Understanding Subscapularis Syndrome and Shoulder Pain
Our shoulders are responsible for so many things - they are the main connection point for our arms to our torsos, and they are able to provide our limbs a wide variety of motion! The shoulder and all the structures that surround and make up this joint are very complex, and can easily become affected from overuse or injured from trauma. One of the types of injuries to the shoulder is called Subscapularis Syndrome.
What Is Subscapularis Syndrome?
Subscapularis syndrome has to do with the subscapularis, which is a muscle that is located at the front of your shoulder, but under the scapula. It is responsible for your arm’s internal rotation. There are four muscles that make up the rotator cuff in your shoulder, and the subscapularis is the largest muscle, located at the front of your shoulder blade. It joins your shoulder blade and the upper arm bone.
When you have subscapularis syndrome, you may experience pain or weakness in the shoulder, making it difficult to do everyday activities. All the muscles within your rotator cuff can become inflamed or tear from trauma, overuse, or other age-related conditions. These tears can either be small or run through most of your shoulder muscle. They’re most common near the tendon’s end that connects to your humorus (upper arm bone). The tear’s size usually determines what treatment is required.
An injury is the most prevalent cause of subscapularis syndrome. It often occurs when you overextend or overload your arm frequently. Age-related degeneration is the primary cause of this syndrome in older people, but following an accident or fall may cause subscapularis syndrome as well. Shoulder impingement is also a possible cause of subscapularis syndrome. It occurs because of chronic, repeated compression of other rotator cuff muscles.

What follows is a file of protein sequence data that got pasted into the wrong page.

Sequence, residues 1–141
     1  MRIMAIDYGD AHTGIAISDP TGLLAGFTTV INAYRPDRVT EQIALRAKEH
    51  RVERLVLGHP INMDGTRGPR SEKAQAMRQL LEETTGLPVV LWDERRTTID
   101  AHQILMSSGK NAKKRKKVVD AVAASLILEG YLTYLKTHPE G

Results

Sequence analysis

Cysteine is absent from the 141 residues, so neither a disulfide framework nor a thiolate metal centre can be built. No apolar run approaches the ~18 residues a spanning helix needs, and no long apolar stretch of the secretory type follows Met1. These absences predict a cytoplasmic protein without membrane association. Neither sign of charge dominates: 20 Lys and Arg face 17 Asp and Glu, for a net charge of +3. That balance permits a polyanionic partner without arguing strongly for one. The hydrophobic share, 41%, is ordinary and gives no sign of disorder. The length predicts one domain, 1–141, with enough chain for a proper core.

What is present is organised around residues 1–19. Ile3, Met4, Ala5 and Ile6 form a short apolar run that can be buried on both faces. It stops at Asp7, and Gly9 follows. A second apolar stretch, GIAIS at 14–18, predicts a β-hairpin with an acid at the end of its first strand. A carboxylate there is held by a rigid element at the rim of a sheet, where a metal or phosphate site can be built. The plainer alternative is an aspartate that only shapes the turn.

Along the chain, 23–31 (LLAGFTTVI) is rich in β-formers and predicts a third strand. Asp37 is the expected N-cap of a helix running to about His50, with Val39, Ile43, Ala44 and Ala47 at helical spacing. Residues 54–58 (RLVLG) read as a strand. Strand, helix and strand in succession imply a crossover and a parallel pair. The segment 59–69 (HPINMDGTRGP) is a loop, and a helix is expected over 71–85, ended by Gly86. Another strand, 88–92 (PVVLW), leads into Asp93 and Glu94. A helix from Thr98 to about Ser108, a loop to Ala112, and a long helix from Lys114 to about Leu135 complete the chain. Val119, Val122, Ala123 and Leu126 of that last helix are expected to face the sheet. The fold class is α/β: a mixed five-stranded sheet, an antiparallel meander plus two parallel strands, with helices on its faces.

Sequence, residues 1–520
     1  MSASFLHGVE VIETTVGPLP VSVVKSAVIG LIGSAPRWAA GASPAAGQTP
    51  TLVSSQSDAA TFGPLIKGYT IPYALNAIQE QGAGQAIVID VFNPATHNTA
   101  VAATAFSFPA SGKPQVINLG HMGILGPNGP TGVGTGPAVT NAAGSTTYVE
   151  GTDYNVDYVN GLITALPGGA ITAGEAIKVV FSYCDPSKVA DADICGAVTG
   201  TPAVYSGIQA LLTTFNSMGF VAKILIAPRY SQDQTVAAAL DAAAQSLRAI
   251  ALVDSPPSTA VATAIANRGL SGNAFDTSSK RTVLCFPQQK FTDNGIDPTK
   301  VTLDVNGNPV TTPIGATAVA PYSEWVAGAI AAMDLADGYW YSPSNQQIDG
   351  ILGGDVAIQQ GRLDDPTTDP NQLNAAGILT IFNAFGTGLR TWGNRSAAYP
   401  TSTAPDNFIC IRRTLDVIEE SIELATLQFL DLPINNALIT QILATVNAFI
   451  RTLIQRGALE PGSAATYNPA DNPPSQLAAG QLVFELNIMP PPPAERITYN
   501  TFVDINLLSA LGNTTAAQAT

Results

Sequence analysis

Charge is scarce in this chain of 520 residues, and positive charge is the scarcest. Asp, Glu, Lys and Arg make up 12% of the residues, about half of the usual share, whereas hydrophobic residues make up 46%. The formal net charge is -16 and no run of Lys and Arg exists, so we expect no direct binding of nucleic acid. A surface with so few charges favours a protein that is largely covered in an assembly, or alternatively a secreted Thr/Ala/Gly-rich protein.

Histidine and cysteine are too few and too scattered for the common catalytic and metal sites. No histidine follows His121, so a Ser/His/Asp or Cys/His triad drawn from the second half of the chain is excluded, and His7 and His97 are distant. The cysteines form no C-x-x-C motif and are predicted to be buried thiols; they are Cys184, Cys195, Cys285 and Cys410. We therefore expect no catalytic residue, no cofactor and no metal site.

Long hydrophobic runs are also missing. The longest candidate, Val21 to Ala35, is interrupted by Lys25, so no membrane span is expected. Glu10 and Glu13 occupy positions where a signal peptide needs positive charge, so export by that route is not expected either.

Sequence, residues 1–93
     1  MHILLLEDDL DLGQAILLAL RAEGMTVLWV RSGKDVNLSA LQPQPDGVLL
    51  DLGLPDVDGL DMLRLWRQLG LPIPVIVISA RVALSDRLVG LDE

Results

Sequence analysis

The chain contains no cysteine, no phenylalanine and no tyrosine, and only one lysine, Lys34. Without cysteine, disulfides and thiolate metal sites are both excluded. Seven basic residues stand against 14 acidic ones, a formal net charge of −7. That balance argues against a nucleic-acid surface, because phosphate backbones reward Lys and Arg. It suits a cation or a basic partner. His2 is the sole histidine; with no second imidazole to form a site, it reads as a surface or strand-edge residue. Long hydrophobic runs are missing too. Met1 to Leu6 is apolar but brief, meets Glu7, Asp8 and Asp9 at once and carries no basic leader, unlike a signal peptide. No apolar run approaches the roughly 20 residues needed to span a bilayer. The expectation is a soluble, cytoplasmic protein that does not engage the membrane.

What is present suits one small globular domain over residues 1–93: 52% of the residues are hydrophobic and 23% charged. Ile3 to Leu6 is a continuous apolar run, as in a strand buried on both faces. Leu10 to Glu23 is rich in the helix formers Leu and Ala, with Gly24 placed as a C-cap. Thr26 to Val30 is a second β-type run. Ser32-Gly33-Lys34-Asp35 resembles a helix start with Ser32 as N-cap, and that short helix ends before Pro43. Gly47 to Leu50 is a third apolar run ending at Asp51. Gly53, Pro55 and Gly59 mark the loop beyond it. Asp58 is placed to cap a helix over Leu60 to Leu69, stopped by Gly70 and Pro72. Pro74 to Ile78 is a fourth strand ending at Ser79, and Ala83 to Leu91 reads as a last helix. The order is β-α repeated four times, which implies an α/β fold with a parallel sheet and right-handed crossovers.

Symptoms of Subscapularis Syndrome
Most patients with subscapularis syndrome experience shoulder pain, particularly in the front of their shoulder. You may also feel or hear a “clicking” sound inside your shoulder whenever you rotate your arm. You can identify whether you have this syndrome by checking conditions like:
- Pain that worsens when lifting your arm
- Shoulder or arm weakness
- Pain that worsens at night
- Bicep weakness
- The affected arm rotates outwards without you moving it
- Pain in the area beneath your collarbone
- Having a difficult time reaching for your back or something in your back pocket
It’s also worth noting that although most of these symptoms are unique to subscapularis tears, some are similar to those of other rotator cuff tears. For a more accurate diagnosis, it is always important to talk with a medical profession, like an orthopedic or physical therapy doctor.
A doctor’s physical examination is usually required to diagnose subscapularis syndrome and identify whether there are signs of weakness or inflammation inside your shoulder. A doctor may also use imaging tests like MRI scans or X-rays to verify your diagnosis. They’ll then advise your treatment accordingly.
Treatment & Prevention
Subscapularis syndrome can have a variety of treatment options. Depending on the severity of your injury, treatment may include ice, rest, and physical therapy to relieve inflammation and enhance range of motion. You can prevent this disorder by avoiding overuse of your shoulder and taking the necessary steps to maintain proper body mechanics and good posture. Regular exercises that strengthen your rotator cuff muscles may also help prevent injury.
If you have been experiencing pain in your shoulders, and suspect subscapularis syndrome, check with a medical professional to see if physical therapy is the correct treatment option for you. Afterwards, give the specialists at BC + PT a call or fill out one of our contact forms to get some of the best physical therapy treatment in town!